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'We can be unapologetically ourselves': Kansas City Roller Warriors welcomes LGBTQ+ youth

Roller derby team invites athletes of all backgrounds, identities into sport
roller derby screenshot.png
Posted at 3:11 PM, Mar 31, 2023
and last updated 2023-03-31 17:40:12-04

MERRIAM, Kan. — Roller derby is a "hard-hitting" sport, literally.

"Some people prefer a more footworky game, but I'm a whole bunch of brute force," said youth skater River.

River, whose roller derby nickname is Dragula, has been playing with the Kansas City Roller Warriors since 2019 — he was 11 years old when he started.

The team's head coach says offering an outlet of acceptance for LGBTQ+ youth means the world.

"I was not able to have the language or the access or the understanding of myself that they have when I was that age," Coach Bi said. "So just to see them and to be able to create a space with them and for them in a time when we are being so actively attacked from every corner, it's amazing to have that space twice a week."

Through the Kansas City Roller Warriors' junior league, River says he's found a safe space and sense of belonging.

"As a trans man, it's so hard to find a place and a sport, in specific, that is so inclusive," River said.

Kansas senators have passed a bill that would ban transgender women and girls from playing on women's and girl's teams (K-12 and collegiate.)

Schools that violate the rule would lose all state funding.

Kansas House Speaker Dan Hawkins has defended the legislation, saying in a statement earlier this month the "bill ensures we're not moving backwards on 50 years of advances for female athletes."

Hawkins and other Kansas Republicans argue banning transgender athletes will preserve fair competition and opportunities for women and girls. However, Kansas Democratic Gov. Laura Kelly recently vetoed the bill for a third consecutive year.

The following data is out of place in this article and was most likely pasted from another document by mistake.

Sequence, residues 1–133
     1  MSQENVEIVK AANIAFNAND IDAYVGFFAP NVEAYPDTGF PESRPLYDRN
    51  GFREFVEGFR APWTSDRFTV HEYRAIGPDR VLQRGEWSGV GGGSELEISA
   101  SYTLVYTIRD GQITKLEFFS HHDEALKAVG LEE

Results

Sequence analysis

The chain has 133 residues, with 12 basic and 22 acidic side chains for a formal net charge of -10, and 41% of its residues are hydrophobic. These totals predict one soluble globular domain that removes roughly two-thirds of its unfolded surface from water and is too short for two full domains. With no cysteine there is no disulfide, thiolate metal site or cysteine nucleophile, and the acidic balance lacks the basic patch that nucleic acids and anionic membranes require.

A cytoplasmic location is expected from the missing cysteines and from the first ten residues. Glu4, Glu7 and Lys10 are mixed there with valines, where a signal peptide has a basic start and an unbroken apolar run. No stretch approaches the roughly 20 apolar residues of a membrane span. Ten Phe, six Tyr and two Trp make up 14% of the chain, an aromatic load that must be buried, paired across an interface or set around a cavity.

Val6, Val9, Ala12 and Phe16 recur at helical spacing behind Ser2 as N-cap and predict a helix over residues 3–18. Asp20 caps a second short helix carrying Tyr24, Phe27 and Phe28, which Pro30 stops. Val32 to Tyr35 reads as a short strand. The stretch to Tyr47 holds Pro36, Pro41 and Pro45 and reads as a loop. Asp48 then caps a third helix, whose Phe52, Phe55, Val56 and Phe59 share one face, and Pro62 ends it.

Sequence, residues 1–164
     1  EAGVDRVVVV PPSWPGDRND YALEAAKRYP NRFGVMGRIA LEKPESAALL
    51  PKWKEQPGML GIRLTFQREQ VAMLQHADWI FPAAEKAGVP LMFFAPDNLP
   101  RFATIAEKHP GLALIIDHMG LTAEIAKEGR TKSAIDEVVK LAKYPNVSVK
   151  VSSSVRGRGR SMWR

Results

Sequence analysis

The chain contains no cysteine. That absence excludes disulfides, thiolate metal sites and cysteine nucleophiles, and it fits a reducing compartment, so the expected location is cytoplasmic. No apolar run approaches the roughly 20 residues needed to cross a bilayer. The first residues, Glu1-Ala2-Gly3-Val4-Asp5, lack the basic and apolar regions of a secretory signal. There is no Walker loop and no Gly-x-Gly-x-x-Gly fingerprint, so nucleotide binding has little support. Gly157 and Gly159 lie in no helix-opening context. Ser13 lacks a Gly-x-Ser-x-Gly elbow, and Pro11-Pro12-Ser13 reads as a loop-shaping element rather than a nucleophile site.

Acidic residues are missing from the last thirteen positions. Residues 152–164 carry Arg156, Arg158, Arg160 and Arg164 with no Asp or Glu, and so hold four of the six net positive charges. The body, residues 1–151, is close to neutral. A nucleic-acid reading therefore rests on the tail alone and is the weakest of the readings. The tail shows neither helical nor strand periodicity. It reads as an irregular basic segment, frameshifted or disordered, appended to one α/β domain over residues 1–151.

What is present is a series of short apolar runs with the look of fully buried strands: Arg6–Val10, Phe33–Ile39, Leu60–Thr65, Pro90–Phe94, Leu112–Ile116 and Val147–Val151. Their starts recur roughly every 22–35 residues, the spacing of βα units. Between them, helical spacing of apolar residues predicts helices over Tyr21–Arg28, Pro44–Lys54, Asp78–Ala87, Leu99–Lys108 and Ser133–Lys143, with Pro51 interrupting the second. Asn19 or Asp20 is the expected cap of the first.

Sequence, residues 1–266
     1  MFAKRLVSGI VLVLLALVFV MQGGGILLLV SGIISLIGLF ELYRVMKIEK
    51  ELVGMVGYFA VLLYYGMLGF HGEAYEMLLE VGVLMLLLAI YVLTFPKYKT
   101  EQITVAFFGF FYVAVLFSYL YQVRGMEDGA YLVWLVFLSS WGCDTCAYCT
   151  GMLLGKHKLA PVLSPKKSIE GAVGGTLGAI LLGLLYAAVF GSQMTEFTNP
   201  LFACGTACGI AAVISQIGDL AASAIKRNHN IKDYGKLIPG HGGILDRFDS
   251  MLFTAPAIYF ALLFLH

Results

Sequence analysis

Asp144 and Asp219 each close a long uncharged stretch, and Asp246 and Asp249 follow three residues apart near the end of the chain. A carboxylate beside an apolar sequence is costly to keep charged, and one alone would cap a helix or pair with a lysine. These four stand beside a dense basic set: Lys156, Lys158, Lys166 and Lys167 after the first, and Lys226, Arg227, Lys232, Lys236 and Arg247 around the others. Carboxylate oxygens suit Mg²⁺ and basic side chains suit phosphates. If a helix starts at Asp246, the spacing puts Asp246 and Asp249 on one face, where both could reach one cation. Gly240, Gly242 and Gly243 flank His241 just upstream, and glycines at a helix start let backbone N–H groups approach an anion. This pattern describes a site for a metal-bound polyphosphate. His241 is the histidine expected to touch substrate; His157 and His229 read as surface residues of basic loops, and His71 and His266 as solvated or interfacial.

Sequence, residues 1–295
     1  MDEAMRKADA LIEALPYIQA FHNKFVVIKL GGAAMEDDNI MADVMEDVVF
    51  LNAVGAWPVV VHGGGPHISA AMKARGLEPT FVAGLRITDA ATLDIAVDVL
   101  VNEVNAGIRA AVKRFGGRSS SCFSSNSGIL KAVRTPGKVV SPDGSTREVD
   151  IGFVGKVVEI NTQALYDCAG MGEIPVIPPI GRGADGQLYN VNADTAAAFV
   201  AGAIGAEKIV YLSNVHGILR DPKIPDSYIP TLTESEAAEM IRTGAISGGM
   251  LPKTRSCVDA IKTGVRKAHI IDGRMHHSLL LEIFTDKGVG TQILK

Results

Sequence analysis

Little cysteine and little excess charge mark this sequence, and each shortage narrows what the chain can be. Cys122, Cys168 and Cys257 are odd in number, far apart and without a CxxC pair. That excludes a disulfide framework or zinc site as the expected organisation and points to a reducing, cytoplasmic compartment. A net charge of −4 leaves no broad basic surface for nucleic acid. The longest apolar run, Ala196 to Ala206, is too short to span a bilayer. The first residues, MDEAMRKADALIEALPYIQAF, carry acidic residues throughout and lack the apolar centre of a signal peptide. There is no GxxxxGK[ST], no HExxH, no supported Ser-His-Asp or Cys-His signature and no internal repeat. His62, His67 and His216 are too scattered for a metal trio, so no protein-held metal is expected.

Coach Bi says even if state lawmakers override the governor's veto, the Roller Warriors operate outside of the school system and will stay open to all athletes.

"They will always be able to strap on a pair of skates," Coach Bi said. "We can give them loaner gear if needed, and they would be able to skate here."

Skater Echo, whose roller derby nickname is Socajawwea, says she is glad anyone and everyone can play her sport.

"Roller derby isn't just about women and girls anymore," Echo said. "I think it's just about everyone and it's just an open community where everyone can come and just have fun and get a lot of energy out and anger."

Such inclusivity leaves a lasting impression.

"A lot of times we are ostracized from so many different places, and being able to have a place where we can be unapologetically ourselves and still be able to play a sport is so incredible," River said.

The junior league of the Kansas City Roller Warriors accepts skaters ages 6-17. Eighteen-year-olds are accepted if they are finishing their senior year of high school.

KC Roller Warriors offers full and half scholarships, in addition to loaner gear, to include skaters of all socioeconomic backgrounds.

The adult league is also accepting of all athletes, no matter their background or personal identity.